“Sometimes small gestures can have unexpected consequences. Large initiatives practically guarantee them. With these forward-looking words, Justice Neil Gorsuch opened his now famous 6-3 decision in Bostock v Clayton County (2020), which interpreted the phrase “for … sex” in Title VII of the Civil Rights Act of 1964 to mean he The following included: In addition to biological sex – homosexuality, sexual orientation, gender identity and transgender status. What Gorsuch called “unexpected consequences” – the astounding conclusion that half a century after Title VII came into effect that the law discriminated on trait that Congress repeatedly denied, most recently in HR 5 in 2019 – Justice Samuel Alito is more precisely described in the dissent as “legislation”.
Alito sourly pointed out that “the Court of Justice has abused the constitutional authority of the other branches and essentially adopted HR 5’s provision on discrimination in the workplace and issued it under the guise of legal interpretation. A brazen abuse of our power to interpret statutes is hard to remember. “Majority opinion in Bostock (along with Chief Justice John Roberts and the Liberal Bloc of the Court) raised concerns that” our decision beyond Title VII will shift to other federal or state laws that prohibit sex discrimination. ” How silly; “None of these other laws are before us,” he scoffed. And the parade of the terrible over the decline of “gender-segregated bathrooms, locker rooms and dress codes”? Gorsuch immediately dismissed such concerns: “We did not have the advantage of conducting controversial tests on the meaning of their terms, and we are not asking such a question today.”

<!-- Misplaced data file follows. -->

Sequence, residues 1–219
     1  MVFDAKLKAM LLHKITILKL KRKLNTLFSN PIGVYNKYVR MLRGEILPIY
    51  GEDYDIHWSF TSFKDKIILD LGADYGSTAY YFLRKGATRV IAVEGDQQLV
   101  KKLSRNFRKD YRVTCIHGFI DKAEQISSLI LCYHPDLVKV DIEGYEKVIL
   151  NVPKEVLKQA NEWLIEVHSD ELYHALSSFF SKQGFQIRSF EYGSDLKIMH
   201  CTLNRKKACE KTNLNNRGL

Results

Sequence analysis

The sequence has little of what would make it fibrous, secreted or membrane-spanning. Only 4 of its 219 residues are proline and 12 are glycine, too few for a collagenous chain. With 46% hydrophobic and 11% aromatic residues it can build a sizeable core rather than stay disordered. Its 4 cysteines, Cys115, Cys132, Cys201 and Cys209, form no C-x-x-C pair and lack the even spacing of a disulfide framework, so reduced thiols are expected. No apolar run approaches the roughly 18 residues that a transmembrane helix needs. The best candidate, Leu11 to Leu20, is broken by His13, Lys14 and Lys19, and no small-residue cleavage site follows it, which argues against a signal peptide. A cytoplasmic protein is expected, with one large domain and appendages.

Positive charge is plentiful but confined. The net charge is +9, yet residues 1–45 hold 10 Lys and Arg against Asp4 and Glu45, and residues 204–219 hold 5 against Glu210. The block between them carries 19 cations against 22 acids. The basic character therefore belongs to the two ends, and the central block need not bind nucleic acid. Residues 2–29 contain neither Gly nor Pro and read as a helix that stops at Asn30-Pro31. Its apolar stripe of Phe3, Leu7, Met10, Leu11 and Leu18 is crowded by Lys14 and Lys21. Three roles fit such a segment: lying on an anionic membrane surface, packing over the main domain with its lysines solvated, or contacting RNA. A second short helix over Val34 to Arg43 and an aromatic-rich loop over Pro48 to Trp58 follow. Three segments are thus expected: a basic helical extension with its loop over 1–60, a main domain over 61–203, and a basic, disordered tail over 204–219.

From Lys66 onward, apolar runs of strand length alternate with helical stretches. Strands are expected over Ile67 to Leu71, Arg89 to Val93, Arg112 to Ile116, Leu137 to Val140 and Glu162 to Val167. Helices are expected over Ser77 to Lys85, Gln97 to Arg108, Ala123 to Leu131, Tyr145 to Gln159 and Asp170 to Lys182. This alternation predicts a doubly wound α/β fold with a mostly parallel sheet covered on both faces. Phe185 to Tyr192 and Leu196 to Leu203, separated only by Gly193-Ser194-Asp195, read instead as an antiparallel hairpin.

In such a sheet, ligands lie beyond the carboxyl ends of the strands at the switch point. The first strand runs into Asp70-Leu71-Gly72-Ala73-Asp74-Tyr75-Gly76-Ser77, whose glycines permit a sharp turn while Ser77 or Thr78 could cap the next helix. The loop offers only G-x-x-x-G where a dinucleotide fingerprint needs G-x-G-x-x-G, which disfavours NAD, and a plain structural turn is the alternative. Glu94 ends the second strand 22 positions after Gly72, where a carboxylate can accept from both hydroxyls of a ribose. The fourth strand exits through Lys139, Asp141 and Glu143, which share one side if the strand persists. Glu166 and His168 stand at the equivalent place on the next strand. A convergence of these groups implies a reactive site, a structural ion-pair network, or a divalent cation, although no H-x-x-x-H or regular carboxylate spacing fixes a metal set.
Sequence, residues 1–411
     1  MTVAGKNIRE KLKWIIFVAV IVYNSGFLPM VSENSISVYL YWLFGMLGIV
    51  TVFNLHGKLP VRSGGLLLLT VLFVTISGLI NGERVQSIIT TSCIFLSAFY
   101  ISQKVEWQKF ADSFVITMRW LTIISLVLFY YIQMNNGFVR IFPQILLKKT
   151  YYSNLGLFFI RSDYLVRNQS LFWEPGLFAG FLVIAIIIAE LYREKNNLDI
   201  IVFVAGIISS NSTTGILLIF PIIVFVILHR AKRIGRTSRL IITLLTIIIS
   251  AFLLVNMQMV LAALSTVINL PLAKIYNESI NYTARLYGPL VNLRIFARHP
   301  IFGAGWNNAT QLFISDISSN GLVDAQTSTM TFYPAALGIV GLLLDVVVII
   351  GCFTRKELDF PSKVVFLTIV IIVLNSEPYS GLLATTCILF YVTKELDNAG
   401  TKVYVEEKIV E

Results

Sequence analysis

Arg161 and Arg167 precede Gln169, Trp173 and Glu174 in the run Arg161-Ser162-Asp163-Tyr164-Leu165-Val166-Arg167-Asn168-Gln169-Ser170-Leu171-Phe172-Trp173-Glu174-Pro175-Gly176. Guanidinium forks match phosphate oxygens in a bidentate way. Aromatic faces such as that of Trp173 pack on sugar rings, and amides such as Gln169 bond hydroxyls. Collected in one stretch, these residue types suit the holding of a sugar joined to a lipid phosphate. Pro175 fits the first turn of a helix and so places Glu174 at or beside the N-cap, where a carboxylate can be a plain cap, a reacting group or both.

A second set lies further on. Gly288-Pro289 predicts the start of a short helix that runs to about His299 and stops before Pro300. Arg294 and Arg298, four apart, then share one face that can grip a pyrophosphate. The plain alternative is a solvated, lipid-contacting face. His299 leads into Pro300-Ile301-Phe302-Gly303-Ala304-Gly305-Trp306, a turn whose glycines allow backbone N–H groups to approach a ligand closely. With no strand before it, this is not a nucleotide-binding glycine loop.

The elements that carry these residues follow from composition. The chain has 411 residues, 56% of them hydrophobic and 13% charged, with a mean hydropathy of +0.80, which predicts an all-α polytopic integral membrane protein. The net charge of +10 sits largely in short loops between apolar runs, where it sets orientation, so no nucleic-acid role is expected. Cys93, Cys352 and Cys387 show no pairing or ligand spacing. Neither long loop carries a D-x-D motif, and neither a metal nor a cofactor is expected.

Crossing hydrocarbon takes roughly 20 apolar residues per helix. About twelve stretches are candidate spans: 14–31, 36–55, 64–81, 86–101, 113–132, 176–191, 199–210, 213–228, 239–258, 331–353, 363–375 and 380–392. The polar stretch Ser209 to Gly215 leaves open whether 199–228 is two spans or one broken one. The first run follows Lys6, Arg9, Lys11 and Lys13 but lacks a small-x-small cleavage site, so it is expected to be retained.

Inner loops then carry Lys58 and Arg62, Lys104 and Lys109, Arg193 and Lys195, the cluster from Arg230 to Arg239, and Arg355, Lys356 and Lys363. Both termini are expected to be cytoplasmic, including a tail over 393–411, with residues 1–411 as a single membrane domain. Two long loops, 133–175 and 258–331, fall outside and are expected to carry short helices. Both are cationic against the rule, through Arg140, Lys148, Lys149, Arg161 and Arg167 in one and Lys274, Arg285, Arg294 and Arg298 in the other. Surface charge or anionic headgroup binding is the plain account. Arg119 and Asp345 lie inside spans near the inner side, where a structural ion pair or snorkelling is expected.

The most controversial aspect of President Biden’s Executive Order, or at least the point that has received the most attention so far, is its likely impact on women’s sport.
Gorsuch and his colleagues were right about one thing in Bostock. Less than a year after the decision was made, Bostock’s “main initiative” – a statement that Alito’s dissent harshly describes as “absurd”, “arrogant” and “illogical” – has guaranteed the inevitable (and not unexpected) consequences. Proponents of the LGBTQ agenda have cited Bostock as the authority on a general edict prohibiting all discrimination based on gender identity in President Joe Biden’s Executive Ordinance of January 20, 2021 to Prevent and Combat Discrimination Based on Gender Identity or Sexual Orientation or sexual orientation under federal law. The Executive Order explains:
Everyone should be treated with respect and dignity and be able to live without fear, no matter who they are or who they love. Children should be able to study without having to worry about whether they will be denied access to the toilet, locker room or school sports. Adults should be able to make a living and pursue a calling knowing they will not be fired, demoted, or mistreated for who they are going home to or because their clothes do not conform to gender stereotypes. People should have access to health care and a roof over their heads without facing gender discrimination. All persons should be treated equally by law, regardless of their gender identity or sexual orientation.